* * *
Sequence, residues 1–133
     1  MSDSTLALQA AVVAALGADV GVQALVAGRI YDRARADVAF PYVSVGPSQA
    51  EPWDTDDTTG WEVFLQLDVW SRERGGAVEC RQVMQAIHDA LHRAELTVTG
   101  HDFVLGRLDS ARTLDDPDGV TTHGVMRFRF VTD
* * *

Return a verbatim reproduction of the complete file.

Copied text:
Sequence, residues 1–133
     1  MSDSTLALQA AVVAALGADV GVQALVAGRI YDRARADVAF PYVSVGPSQA
    51  EPWDTDDTTG WEVFLQLDVW SRERGGAVEC RQVMQAIHDA LHRAELTVTG
   101  HDFVLGRLDS ARTLDDPDGV TTHGVMRFRF VTD